Review: Creature

Directed by Fred Andrews

Out now from Revolver Entertainment on DVD, Download and On-Demand.

Post Cabin in the Woods romp that hasn’t learnt from its predecessors.

Goddard and Whedon’s post-modern statement on the genre, Cabin in the Woods, was meant to be a warning to other indie horror movie makers to up their game. Either this film was made before that came out – which is probably the case – or the filmmakers have taken absolutely no notice of that warning… Because what we have here is something akin to Cabin… only without the knowing references or even half the fun. It might be a case of bad timing, but you can’t help viewing Creature in the light of that previous film’s release.

Within seconds of this opening, we’re presented with a woman stripping off to have a nice swim in a Louisiana backwoods lake. Cue Jaws-style attack, which sets the gory tone and leads to the introduction of our pack of clichéd twenty-somethings. They’re out for kicks in their people carrier, and stop off at a roadside convenience store which just happens to be run by a crazy called Chopper (Sid Haig of House of 1000 Corpses notoriety). There they hear about the legend of the Creature – which involves, you guessed it, a cabin in the woods.

Apparently, back in the day, inbred Grimley Boutine’s beau was taken and murdered by a mutated alligator – which Grimley promptly hunted down and slaughtered. Unfortunately, he was so overcome with grief he began eating the remains of the bodies in the lair, becoming the fabled half-man, half-alligator Creature… as you do. It isn’t long before the group come across Grimley’s cabin and, camping out in the woods, begin to get picked off one by one (though not, of course, until we get the requisite amount of both hetero and lesbian sex). It all builds towards a ritualistic ending involving the locals, but can our heroes really stop the monster who feeds off human flesh?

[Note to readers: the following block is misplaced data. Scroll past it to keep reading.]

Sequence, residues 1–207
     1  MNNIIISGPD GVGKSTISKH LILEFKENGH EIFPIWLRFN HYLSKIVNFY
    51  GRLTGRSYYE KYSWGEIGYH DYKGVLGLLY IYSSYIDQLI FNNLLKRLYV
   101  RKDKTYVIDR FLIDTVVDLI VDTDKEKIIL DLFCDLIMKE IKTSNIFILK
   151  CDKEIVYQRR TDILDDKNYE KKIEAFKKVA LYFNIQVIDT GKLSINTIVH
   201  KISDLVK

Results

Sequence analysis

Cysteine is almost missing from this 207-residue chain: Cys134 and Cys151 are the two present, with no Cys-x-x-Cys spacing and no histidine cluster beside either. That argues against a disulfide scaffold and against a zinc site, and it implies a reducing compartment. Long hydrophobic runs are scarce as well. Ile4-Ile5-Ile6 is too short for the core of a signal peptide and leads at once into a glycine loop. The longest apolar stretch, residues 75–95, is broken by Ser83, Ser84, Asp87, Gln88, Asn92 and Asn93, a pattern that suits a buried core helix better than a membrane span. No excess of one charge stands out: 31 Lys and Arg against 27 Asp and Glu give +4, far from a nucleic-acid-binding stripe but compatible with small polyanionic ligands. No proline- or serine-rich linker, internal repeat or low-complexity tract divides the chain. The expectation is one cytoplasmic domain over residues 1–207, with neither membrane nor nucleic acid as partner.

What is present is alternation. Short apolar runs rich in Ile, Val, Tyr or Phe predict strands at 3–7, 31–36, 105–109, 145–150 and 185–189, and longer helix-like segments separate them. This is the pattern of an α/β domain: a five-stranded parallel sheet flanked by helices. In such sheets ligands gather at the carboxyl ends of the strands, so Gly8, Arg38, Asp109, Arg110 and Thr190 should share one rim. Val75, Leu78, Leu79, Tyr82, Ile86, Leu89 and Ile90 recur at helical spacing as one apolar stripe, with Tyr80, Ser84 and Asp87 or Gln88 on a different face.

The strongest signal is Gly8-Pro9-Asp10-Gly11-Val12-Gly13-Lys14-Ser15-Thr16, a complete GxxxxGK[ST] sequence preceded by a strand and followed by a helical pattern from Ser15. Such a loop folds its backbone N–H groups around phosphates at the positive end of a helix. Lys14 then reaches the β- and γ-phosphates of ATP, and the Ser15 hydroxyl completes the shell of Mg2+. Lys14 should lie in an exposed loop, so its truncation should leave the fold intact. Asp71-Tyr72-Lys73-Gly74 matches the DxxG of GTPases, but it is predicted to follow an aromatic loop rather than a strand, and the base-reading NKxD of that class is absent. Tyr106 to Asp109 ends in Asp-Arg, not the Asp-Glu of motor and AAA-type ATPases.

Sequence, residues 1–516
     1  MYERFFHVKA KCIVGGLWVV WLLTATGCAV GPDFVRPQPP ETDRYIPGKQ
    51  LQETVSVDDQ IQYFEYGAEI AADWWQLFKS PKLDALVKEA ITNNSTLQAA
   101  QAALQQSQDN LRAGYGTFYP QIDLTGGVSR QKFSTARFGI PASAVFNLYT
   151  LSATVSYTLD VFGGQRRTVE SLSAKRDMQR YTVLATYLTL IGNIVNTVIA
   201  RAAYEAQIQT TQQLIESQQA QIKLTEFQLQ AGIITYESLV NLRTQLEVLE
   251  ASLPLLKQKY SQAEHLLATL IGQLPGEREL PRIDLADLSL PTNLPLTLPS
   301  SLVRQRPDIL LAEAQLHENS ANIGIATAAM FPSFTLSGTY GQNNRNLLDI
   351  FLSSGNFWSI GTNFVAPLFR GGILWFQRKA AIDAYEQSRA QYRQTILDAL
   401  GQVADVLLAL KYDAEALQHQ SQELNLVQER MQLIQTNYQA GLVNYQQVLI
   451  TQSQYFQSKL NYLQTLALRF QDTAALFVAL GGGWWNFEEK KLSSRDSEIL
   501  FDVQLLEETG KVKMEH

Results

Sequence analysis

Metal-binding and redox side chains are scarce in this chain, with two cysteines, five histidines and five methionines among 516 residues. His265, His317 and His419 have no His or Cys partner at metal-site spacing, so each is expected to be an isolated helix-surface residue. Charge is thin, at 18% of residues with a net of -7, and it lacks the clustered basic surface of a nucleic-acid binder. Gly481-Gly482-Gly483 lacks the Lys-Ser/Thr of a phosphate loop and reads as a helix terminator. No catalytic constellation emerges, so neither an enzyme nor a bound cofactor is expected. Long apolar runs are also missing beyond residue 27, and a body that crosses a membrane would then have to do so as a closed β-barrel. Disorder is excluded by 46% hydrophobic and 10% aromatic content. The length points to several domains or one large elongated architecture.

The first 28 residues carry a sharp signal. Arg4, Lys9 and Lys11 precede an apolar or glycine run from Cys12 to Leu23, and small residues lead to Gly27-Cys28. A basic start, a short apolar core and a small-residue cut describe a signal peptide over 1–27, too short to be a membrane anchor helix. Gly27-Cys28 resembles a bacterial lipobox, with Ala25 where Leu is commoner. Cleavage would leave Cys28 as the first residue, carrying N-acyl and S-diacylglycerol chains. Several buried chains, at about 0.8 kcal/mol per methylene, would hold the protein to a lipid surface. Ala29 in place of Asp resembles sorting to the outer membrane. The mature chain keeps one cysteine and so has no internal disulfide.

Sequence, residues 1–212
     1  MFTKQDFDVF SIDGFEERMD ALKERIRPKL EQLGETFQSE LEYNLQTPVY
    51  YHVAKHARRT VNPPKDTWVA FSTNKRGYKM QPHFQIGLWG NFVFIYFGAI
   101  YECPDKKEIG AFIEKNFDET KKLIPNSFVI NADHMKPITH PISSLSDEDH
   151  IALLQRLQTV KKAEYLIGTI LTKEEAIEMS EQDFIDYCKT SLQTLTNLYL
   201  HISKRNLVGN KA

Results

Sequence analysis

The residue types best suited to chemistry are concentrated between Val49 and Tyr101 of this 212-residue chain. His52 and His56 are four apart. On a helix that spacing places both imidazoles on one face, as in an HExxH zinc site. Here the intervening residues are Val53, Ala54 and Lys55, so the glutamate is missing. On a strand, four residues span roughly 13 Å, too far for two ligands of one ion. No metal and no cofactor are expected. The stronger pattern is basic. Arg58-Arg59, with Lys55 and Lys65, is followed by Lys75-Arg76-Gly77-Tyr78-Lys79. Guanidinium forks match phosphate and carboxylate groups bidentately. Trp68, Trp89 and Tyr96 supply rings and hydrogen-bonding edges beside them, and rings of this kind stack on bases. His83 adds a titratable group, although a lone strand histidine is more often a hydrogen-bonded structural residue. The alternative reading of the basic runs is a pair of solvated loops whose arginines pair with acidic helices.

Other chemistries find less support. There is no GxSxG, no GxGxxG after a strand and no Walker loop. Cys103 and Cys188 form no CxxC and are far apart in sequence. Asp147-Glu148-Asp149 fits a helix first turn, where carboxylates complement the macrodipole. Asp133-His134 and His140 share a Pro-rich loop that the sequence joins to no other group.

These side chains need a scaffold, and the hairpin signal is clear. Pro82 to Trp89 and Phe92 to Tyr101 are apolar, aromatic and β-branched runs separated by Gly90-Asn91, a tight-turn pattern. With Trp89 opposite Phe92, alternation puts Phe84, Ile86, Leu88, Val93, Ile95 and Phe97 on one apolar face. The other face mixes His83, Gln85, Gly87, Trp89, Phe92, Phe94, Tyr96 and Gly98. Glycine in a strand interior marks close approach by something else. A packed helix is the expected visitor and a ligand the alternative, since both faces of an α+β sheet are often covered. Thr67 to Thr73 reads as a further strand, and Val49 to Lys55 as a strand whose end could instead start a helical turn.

When a film’s main star draws – other than Haig – include Eggs from True Blood (Mehcad Brooks) and that bloke who used to be in the TV version of Mortal Kombat – remember that? – (Daniel Bernhardt), you know you’re probably in trouble. What doesn’t help are the ‘man in a rubber suit’ effects, which make Swamp Thing look cutting edge, and a script that’s so cheesy you could melt it on toast. If nothing else, it shows in a post Cabin… era where not to go with your horror, as all this was taken the piss out of ages ago; even before Whedon and Goddard came along, in fact. There are the germs of something that might have been a halfway decent franchise here, but like the Creature itself, they remain hidden in the depths of the woods – and if you go looking for them, you best beware!

Hokey horror that proves why Cabin… was so popular 3/10

Paul Kane

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